While the typical engineering type usually does not have a pile of business sense they do know that when they venture into this area they are swimming with sharks. I think that many just keep their heads down and don't bother getting ripped off, or they try to do it on their own and don't have the business savvy to get anywhere.
Thus I predict that a venture such as this may very well have a very positive outcome as the solution is probably sitting in some engineers mind just waiting for him to bother brining out for us to enjoy.

One other bit is: Notice the word engineer, not the word scientist. Maybe he realizes that world is bound up tighter than most bureaucracies, that throwing money into that world is basically giving boomer senior professors some more money to explore some dead end idea they have been poking at since grad school in 1973,

Comment Re: Too late, said the Hunter (Score 1) 510

No one really knows Trump's political stance since he's not really giving out any details of his policies. He just says whatever gives the biggest cheers at his rallies.

Politics isn't as simple as left vs right or liberal vs conservative. That's just simplistic hand waving to stop the mases from thinking things through. It is possible to be anti-immigrant and pro-gun-control at the same time, for less regulation and more social safety nets at the same time, and so forth. It's more complex than even a Gartner Group quadrant diagram; if there are N political issues then there are N axes on the political spectrum.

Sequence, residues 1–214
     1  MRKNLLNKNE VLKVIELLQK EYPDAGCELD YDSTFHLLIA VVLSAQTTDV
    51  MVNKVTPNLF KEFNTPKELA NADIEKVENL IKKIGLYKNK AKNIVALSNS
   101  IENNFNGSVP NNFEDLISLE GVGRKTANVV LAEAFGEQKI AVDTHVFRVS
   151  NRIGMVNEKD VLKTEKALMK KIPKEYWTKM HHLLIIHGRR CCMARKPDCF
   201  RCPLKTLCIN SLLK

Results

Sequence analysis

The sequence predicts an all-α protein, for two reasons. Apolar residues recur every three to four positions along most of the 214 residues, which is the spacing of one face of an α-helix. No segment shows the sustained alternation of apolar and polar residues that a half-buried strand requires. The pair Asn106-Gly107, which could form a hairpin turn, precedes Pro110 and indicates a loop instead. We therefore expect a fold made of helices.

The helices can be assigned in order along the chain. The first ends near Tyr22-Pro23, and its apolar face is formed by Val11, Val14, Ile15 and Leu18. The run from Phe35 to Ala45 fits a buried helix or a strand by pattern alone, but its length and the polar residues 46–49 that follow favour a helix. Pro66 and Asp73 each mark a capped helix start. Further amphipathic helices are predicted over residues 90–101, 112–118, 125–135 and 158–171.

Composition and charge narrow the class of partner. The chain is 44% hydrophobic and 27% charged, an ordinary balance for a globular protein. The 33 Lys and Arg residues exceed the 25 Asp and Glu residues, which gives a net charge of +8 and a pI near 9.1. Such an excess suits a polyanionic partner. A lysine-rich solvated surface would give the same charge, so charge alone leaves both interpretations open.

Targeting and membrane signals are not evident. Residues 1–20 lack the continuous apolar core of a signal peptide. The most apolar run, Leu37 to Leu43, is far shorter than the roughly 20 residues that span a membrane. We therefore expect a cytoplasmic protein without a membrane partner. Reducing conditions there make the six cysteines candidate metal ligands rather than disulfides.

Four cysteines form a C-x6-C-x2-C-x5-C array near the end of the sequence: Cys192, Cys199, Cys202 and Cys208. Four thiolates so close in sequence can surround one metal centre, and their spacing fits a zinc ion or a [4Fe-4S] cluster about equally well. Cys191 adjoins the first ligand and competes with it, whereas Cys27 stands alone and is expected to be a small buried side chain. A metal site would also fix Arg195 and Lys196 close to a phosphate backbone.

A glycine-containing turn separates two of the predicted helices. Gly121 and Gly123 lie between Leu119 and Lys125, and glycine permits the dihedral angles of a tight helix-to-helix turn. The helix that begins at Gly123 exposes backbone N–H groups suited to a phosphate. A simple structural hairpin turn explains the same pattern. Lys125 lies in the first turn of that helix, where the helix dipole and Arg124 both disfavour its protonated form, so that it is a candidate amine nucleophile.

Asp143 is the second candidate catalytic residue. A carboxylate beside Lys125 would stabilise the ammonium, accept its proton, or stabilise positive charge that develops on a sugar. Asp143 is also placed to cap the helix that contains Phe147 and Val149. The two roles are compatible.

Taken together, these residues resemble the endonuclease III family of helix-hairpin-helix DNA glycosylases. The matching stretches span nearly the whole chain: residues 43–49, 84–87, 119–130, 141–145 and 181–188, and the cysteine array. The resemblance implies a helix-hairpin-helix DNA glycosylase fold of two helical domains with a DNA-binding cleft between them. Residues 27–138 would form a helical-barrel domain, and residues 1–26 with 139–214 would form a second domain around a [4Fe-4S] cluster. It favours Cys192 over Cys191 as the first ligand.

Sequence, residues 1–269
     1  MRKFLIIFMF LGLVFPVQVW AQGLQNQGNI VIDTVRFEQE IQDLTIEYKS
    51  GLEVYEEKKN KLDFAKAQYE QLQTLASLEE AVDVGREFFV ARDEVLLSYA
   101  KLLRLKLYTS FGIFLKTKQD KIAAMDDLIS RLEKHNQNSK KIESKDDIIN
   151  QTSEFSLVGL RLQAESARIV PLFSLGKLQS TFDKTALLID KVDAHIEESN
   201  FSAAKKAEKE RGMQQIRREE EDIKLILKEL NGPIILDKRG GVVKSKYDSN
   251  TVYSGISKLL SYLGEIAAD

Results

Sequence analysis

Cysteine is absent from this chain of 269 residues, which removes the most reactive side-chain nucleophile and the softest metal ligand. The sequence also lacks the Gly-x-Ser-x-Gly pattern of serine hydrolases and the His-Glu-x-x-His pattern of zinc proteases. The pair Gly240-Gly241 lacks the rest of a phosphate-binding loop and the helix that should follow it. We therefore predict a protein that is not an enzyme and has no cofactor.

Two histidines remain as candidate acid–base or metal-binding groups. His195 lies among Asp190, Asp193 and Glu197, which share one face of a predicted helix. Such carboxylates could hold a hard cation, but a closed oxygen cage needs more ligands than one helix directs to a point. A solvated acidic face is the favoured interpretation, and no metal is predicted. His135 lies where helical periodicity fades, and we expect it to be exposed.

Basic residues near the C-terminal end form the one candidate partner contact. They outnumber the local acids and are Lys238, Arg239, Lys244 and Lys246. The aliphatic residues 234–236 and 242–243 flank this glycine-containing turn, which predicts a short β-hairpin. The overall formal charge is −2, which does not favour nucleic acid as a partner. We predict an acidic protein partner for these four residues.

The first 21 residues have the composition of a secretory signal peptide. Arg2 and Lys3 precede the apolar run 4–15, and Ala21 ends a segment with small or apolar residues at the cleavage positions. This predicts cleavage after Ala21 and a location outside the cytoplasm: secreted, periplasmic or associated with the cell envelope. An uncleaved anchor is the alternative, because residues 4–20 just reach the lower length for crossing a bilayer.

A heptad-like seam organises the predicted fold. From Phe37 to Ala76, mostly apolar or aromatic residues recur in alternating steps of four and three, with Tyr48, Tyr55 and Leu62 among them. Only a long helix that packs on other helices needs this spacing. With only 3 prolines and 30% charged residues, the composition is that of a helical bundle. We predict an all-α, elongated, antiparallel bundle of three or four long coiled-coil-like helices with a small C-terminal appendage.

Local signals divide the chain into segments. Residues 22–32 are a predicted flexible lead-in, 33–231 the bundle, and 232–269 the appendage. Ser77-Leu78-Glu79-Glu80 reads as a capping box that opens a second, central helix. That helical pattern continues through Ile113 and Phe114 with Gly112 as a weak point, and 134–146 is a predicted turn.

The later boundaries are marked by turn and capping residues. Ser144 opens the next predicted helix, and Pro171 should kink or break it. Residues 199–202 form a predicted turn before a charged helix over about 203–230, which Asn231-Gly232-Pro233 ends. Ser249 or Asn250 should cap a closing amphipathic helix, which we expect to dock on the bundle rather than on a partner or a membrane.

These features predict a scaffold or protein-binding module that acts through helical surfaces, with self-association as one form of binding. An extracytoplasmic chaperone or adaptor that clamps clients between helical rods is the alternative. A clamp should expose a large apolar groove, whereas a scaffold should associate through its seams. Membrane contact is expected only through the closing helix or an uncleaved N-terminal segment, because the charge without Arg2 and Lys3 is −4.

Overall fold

Comment Re:Too late, said the Hunter (Score 0) 510

Makes sense. Conservatives hate carbon credits as being unconservative (if it was good enough for my grandpappy it's good enough for me). Libertarians may see a carbon credit as just another method of using the free market forces to account for non-monetary externalities. The conservative idea of free market is do whatever it takes to make me rich, be fair to me and be unfair to the competition, tariffs are bad unless they help out my business in which case they're good. The libertarian idea of the free market is to be fair with reasonable regulation to ensure fairness, though of course different libertarians have different ideas about how little regulation is enough.